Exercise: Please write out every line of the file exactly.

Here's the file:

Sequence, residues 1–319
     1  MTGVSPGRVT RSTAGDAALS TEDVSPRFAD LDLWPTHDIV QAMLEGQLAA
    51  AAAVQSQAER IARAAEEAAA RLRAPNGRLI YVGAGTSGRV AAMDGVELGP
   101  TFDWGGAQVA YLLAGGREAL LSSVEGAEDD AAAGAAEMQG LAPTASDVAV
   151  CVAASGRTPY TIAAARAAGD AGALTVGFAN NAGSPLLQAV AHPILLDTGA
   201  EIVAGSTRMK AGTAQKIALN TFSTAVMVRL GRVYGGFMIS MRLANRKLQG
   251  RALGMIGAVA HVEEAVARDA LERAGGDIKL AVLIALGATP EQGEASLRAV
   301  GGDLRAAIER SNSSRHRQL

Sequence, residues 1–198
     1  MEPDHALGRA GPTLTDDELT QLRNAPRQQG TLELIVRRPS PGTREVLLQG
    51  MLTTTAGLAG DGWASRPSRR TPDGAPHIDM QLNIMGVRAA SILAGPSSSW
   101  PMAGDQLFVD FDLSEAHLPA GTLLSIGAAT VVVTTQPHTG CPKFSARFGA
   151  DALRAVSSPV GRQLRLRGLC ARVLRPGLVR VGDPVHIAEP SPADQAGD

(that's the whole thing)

Sequence, residues 1–319
     1  MTGVSPGRVT RSTAGDAALS TEDVSPRFAD LDLWPTHDIV QAMLEGQLAA
    51  AAAVQSQAER IARAAEEAAA RLRAPNGRLI YVGAGTSGRV AAMDGVELGP
   101  TFDWGGAQVA YLLAGGREAL LSSVEGAEDD AAAGAAEMQG LAPTASDVAV
   151  CVAASGRTPY TIAAARAAGD AGALTVGFAN NAGSPLLQAV AHPILLDTGA
   201  EIVAGSTRMK AGTAQKIALN TFSTAVMVRL GRVYGGFMIS MRLANRKLQG
   251  RALGMIGAVA HVEEAVARDA LERAGGDIKL AVLIALGATP EQGEASLRAV
   301  GGDLRAAIER SNSSRHRQL

Sequence, residues 1–198
     1  MEPDHALGRA GPTLTDDELT QLRNAPRQQG TLELIVRRPS PGTREVLLQG
    51  MLTTTAGLAG DGWASRPSRR TPDGAPHIDM QLNIMGVRAA SILAGPSSSW
   101  PMAGDQLFVD FDLSEAHLPA GTLLSIGAAT VVVTTQPHTG CPKFSARFGA
   151  DALRAVSSPV GRQLRLRGLC ARVLRPGLVR VGDPVHIAEP SPADQAGD